Prevalence of Chronic Undernutrition (HfA)
English: % of children aged 6 - 59 months with a height for age < -2 Z scores
French: % d'enfants âgés de 6 à 59 mois avec une taille pour l'âge <-2 Z-scores
Czech: % dětí ve věku 6-59 měsíců s výškově-věkovým poměrem < -2 Z-skóre
What is its purpose?
The indicator measures the prevalence of chronic undernutrition (stunting). It assesses to what degree (so called "Z-score") a child's height for age (HfA) deviates from the height of a child of the same age and sex in the 2006 WHO Growth Standards.
How to Collect and Analyse the Required Data
Children's height and age are (alongside with other data) assessed by anthropometric surveys using SMART methodology (local events calendars are used to correctly determine a child's age). SMART's website provides all the required guidance, forms, training modules as well as Emergency Nutrition Assessment (ENA) software used for data analysis and reporting.
According to WHO, the prevalence of stunting (< –2 SD) shall be interpreted as:
< 20%: low prevalence
20-29%: medium prevalence
30-39%: high prevalence
≥ 40%: very high prevalence
1) The cut-off points for moderate stunting are <-2 but >-3 SD; for severe stunting <-3 SD.
2) Reducing the prevalence of chronic undernutrition takes at least 4-5 years of a well-designed, multi-sectoral effort. Do not use this indicator for projects which are too short or do not target most of the key causes of chronic undernutrition.
3) This indicator relies on accurate age assessment. Since people often do not remember the exact dates of their children’s birth, the data collectors should never rely only on the information provided by caregivers and always verify the child’s age. This can be done by reviewing the child’s birth certificate or other documents; however, since many caregivers do not have such documents, it is essential that your data collectors are able to determine the child’s age by using local events calendars. Read FAO’s Guidelines (see below) to learn how to prepare local events calendars and how to train data collectors in their correct use.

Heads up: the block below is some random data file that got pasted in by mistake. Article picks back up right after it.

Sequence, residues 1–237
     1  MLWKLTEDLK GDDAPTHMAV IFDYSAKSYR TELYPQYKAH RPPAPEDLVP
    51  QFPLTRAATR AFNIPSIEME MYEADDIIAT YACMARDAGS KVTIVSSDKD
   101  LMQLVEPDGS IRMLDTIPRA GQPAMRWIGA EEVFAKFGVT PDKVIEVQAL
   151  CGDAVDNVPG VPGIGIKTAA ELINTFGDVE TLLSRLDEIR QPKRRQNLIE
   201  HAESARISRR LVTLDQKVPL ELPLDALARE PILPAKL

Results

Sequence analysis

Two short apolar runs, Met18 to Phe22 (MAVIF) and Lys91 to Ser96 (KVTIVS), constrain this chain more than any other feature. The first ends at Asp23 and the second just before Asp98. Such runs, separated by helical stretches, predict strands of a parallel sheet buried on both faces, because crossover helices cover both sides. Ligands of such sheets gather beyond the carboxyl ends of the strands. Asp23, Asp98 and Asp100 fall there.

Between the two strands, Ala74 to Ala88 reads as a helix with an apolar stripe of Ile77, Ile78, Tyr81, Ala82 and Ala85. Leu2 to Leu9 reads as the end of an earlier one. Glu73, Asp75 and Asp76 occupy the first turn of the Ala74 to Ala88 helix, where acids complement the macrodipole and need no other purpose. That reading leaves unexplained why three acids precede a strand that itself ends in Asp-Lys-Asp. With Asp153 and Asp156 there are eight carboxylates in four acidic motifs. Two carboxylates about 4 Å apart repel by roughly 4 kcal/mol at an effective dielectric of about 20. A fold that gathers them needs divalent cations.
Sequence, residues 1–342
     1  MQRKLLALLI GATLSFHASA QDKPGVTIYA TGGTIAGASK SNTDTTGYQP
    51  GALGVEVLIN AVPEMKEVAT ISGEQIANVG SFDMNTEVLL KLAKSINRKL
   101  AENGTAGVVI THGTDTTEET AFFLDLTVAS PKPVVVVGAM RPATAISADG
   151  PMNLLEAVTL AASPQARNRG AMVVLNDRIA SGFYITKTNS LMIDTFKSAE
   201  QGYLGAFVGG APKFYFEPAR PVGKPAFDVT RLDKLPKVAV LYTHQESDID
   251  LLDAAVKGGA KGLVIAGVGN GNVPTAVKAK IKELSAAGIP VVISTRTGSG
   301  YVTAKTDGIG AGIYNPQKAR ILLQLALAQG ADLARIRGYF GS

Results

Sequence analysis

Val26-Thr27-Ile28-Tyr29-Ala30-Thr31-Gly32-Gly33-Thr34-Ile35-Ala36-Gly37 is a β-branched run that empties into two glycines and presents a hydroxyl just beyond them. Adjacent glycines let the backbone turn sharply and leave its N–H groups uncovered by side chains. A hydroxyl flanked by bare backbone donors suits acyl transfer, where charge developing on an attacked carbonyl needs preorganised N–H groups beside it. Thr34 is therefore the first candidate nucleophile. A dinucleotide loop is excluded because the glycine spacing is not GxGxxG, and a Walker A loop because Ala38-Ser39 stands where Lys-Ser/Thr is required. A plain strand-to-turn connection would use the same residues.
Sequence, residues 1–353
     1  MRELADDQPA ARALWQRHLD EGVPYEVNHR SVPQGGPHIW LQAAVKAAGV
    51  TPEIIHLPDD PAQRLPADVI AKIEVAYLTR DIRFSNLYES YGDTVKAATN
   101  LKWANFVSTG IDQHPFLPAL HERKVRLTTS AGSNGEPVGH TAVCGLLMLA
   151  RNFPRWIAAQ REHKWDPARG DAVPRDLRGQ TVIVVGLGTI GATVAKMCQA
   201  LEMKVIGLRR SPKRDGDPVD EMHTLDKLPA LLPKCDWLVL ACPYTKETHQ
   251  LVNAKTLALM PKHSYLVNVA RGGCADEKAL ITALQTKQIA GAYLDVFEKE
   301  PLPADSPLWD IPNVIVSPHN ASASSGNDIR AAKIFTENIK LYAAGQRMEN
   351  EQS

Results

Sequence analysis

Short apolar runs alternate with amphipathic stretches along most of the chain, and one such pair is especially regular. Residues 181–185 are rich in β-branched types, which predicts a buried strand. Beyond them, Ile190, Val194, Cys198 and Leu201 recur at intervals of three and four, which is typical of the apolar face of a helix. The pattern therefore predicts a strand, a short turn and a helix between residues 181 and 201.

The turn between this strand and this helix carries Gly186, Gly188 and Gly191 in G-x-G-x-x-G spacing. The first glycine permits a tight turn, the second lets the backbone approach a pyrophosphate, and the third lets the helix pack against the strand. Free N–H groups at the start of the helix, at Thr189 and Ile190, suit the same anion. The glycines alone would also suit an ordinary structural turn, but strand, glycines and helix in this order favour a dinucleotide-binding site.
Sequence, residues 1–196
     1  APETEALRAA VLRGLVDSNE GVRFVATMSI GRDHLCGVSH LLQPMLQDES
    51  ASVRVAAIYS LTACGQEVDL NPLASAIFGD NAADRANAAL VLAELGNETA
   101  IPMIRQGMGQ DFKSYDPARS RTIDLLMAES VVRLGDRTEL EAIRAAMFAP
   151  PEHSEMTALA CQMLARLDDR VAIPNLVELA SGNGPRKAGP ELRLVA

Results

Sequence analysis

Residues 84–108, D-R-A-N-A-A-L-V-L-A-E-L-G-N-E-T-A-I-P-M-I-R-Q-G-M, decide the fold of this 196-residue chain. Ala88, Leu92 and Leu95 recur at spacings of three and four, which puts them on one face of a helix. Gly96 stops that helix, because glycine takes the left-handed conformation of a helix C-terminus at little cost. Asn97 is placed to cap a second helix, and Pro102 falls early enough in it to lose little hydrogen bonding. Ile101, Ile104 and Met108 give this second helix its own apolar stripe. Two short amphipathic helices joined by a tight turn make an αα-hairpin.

4) Collect and report gender disaggregated data (such disaggregation is automatically produced by ENA software).
5) Always make sure that you understand and follow the local Ministry of Health's official guidance for conducting anthropometric surveys (e.g. regarding submitting a survey proposal for approval; reporting formats; use of 1977 NCHS versus 2006 WHO growth standards/ MUAC cut-off points; etc.).
6) With a larger team of enumerators (8-10 people), data collection for SMART surveys usually takes about 10 - 15 working days. Training takes 6 days (incl. piloting and standardisation test); further time is required for preparing the methodology,
Access Additional Guidance
- ACF (2014) Rapid SMART Surveys Guidelines (.pdf)
- ACF (2014) Guide: Enquêtes nutritionnelles SMART rapides (.pdf)
- PIN (2015) Practical Checklist for Conducting Nutrition Surveys (.pdf)
- SMART methodology
- WHO (2010) Interpretation Guide (.pdf)
- FAO (2008) Guidelines for Estimating the Month and Year of Birth of Young Children (.pdf)
- Nutrition Cluster Indicators Registry (incl. thresholds)